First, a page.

Here, both young women share their stories with Children's Voice readers. Laura shares how by closely listening to children in need, she discovered that their questions and fears about foster care often went unanswered. Mary shares how, from personal experience, she understands youth can view foster care as a punishment rather than an opportunity, and she is working to address this misperception. Both women are proof that positive results come from youth helping other youth.


I am no stranger to the child welfare system, and I understand the importance of the system because of my personal experiences with it. At age 12, I entered foster care due to abuse and neglect, and I remained in the child welfare system for almost five years.

Although my case was reviewed every six months, it wasn't until I was 16 that a judge asked me what I wanted for my life. I replied, "I want what everyone wants--a family of my own." I asked to be adopted, even though I knew my chances were slim because of my age.

People, including case managers, didn't understand why I wanted to be adopted, and they tried to prepare me for the rejection of not finding a family. I told them I had to try because I wanted a family--a home to go to during school breaks, a dad to walk me down the aisle, grandparents for my children, and the reassurance I would have unconditional love and support for the rest of my life. Family isn't just about now, it's about the rest of your life.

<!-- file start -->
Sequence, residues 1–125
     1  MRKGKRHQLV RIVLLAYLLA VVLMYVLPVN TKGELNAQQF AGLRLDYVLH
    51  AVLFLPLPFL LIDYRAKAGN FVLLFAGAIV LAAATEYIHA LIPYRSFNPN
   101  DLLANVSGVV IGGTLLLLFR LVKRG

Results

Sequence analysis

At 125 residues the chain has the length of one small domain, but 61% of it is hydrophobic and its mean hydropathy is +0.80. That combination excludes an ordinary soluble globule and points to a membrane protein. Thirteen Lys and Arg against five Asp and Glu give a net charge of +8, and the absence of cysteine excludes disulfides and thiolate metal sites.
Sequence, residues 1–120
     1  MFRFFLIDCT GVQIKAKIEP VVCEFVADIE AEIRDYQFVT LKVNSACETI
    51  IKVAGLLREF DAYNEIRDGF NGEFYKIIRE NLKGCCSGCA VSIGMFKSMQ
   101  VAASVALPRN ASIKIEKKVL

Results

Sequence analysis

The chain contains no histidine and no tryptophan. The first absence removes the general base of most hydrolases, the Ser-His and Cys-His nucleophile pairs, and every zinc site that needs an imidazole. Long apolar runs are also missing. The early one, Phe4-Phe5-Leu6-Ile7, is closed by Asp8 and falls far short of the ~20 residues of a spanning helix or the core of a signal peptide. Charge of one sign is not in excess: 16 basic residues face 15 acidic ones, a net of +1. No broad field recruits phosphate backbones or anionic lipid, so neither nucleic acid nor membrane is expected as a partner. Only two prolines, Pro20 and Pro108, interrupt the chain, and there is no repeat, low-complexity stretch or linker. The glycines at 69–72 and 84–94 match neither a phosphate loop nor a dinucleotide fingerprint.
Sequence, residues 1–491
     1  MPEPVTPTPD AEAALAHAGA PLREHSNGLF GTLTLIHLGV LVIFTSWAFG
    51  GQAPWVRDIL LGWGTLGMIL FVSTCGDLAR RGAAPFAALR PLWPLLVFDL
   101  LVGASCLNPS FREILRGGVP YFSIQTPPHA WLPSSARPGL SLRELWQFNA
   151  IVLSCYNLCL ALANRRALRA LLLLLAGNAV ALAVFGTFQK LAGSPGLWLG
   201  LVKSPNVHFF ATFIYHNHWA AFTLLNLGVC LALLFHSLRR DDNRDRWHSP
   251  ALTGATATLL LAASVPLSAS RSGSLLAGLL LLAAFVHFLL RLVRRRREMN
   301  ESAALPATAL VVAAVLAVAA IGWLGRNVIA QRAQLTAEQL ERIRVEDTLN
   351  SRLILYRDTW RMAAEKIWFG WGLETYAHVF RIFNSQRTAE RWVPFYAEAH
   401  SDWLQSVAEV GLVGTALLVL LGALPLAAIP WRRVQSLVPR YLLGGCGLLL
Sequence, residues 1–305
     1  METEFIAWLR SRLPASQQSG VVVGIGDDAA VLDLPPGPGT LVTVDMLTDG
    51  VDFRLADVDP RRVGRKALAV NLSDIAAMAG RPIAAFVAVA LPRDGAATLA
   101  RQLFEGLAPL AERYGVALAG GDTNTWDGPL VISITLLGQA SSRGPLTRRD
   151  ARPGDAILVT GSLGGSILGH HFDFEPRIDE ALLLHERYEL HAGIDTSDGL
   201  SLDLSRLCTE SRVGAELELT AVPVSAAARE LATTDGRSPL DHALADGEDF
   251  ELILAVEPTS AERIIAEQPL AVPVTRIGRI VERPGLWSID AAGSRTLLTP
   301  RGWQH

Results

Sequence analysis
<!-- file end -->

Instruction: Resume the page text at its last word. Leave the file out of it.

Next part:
Because a judge listened to me, I was adopted one week before my 18th birthday by my case manager and his family. I knew he and his wife were participating in adoptive parent training--what a wonderful surprise to learn it was because they wanted to adopt me! If I hadn't spoken up for myself that day seven years ago, I wouldn't have a family. I would have aged out of the system like so many other foster youth, without any permanent connections.